Tuesday, 14 September 2021

Filming yourself on a smartphone - a handy guid

Nowadays, most phones can shoot high quality video with great sound. Here are a few tips on how to get the best footage. Most of these principles also apply to using a computer's webcam as well.

1. Video Quality
As a good rule of thumb always try and shoot the highest quality video possible. Most newer phones can film in 4K, but if yours doesn’t simply go for the best settings (usually HD). Be aware, however, that your phone storage may be affected so make sure you have enough disk space first. If you don’t think you have enough room, either delete other videos to free up some space (as long as you don’t want to keep them!) or opt for a slightly lower quality video recording.

2. Framing
Try to frame the shot landscape (not portrait) ‘chest to head’.

Centre Framing
Framing to the side
Here are two good examples of how to frame your shot. If you are talking directly to the camera, it is best to position yourself in the centre. If you are talking off camera (e.g. to someone who is asking you questions in an interview style), then it is best to position yourself either to the left of the right side of the frame. Make sure the direction you are looking is where there is most ‘empty space’ in the frame.

Placing yourself a bit further away is fine, but any closer might be too much. If you are too far away, it can be more difficult for the audience to ‘connect’ with you.

3. Positioning
Put some thought into where you position the camera. What is in the background? Is it relevant to what you are talking about? Is it distracting? Keep your phone level with your eyeline - you want to make sure that you are not looking up or looking down too much at the lens. Avoid having shaky video as it can put people off. Try not to hold the phone if possible but use a tripod or selfie stick instead. Alternatively, a shelf, pile of books etc. can be just as good.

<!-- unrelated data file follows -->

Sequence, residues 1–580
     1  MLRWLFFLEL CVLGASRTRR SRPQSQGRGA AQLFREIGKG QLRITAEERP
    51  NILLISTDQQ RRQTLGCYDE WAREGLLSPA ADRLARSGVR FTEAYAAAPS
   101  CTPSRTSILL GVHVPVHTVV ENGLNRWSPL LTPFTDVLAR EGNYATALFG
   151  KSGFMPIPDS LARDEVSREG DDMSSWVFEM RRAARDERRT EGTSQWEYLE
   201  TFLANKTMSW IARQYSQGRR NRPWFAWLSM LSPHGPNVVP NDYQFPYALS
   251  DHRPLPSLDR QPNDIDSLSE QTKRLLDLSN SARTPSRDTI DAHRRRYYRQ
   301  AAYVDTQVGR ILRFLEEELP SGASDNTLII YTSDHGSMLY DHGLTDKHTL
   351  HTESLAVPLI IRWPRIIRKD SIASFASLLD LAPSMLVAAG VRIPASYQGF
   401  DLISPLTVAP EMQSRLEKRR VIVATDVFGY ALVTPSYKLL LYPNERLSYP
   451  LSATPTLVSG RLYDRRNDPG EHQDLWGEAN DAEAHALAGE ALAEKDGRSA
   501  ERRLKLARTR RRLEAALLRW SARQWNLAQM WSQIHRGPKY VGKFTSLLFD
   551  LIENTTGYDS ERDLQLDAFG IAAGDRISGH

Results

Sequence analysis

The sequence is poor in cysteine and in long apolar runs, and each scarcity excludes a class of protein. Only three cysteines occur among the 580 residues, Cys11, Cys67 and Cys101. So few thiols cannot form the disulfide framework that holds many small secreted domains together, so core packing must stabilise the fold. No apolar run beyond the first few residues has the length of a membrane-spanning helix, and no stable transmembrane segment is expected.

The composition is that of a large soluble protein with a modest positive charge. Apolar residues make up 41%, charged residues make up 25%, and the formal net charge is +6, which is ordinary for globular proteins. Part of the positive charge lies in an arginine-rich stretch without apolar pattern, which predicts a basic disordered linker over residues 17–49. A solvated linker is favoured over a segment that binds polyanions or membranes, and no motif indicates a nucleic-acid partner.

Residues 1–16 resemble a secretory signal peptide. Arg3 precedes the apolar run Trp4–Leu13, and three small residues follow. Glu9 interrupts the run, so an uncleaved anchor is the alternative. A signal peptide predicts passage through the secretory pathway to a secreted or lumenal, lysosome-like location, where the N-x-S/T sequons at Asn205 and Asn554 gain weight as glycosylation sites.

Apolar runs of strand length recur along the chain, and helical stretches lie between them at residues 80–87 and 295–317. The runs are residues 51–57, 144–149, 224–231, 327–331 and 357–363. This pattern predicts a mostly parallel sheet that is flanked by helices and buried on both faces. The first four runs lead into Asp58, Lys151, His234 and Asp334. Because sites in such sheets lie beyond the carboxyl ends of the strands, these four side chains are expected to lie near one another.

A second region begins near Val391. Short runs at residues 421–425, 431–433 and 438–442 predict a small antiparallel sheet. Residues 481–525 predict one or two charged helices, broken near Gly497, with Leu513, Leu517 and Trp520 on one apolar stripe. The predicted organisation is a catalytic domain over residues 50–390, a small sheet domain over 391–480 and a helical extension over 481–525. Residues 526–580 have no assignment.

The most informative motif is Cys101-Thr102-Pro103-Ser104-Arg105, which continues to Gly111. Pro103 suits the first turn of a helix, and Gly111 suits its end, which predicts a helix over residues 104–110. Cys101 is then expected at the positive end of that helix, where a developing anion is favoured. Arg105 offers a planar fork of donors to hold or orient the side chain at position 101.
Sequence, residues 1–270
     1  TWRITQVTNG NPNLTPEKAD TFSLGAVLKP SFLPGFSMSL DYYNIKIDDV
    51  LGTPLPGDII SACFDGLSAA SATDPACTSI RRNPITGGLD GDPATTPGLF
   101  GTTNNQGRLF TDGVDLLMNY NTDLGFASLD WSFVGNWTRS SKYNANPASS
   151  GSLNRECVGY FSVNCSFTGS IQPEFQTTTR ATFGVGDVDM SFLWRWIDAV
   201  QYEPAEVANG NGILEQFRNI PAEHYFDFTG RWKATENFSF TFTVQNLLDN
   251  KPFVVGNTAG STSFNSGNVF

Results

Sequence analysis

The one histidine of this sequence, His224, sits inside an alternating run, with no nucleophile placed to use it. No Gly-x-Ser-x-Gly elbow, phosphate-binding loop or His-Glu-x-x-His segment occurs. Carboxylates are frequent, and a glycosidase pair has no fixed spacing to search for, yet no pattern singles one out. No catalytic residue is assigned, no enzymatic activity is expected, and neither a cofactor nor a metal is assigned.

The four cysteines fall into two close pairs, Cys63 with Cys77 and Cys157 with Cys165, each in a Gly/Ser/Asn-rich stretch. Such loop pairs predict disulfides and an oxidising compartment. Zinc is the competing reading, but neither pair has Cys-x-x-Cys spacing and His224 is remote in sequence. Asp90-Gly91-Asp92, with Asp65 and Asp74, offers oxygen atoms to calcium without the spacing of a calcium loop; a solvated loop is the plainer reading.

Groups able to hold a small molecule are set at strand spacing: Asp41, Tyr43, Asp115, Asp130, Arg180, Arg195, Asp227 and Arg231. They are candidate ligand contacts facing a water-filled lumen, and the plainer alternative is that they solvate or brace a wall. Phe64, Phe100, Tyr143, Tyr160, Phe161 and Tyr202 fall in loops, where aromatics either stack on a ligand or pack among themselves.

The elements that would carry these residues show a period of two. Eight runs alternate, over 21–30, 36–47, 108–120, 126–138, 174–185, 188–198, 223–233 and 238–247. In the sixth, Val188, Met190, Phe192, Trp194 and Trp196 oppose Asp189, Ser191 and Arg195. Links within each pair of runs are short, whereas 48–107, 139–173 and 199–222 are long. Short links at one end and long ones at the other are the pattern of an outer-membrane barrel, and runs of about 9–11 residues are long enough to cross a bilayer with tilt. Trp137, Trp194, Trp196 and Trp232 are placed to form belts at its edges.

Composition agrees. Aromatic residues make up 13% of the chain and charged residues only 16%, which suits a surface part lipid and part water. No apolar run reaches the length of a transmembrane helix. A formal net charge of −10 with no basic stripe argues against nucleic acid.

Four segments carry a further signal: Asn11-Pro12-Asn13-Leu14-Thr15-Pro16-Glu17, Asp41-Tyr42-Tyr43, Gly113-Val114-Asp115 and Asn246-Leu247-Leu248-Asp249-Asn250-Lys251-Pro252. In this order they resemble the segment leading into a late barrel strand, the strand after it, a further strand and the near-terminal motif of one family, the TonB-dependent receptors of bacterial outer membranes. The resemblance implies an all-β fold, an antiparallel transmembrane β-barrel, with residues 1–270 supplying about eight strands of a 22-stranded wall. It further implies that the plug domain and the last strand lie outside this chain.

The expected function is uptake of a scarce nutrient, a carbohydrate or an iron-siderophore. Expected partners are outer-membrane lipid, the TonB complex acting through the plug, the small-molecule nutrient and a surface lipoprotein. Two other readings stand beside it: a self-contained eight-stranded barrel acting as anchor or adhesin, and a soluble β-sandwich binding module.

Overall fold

4. Sound
Sound is just important, if not more so, than visuals. Most microphones on smartphones are pretty decent but check the quality before recording. If you have earpods, a handsfree kit or similar you might get better quality. Be aware of external sounds that could affect the recording. Don’t film next to noisy machinery, for example, or outside on a busy street. If there is noise, move away to a quieter, more secluded location – preferably inside where you can close windows, doors etc.

5. Lighting

A simple lighting set up using a desk lamp
Simple lighting can help avoid your video looking too dark or gloomy. You don’t necessarily need complicated lighting kits. The sun is a great source of light, which you can make use of either outside or inside. Just don’t shoot with the sun directly behind you. This will create a silhouette effect which will make your face difficult to see. Instead, always make sure the sun is in front of you when filming. This can be done outside easily enough by adjusting your position, and indoors by simply facing a window and using that as your source of light. Alternatively, use artificial lighting – as much as you can to illuminate your face. For example, you might want to position a table or desk lamp facing you. Don’t overdo it, though. Too much light and your face could look washed out. It could also be too bright for your eyes – you don’t want to be squinting either!

6. Don’t use digital zoom
Some cameras enable you to digitally zoom into the image (usually by spreading two fingers at once on the screen). This is best avoided as the picture quality decreases and can become much shakier.

7. Film with editing in mind
When filming, it’s important to think about the final product. Some form of editing is usually needed so it’s best to bear this in mind. Typically, this just means pausing for a couple of seconds before you start talking. What this does is allow the editor to briefly ‘fade in’ before you start. And when you’ve finished, pause for a couple of seconds maintaining eye contact with the camera. Similarly, this makes it possible to ‘fade out’ smoothly. It also avoids having to include the often-inevitable camera shake and noise when turning off the camera.

Finally, if you make a mistake, stumble on your words or are unhappy with your recording you can either: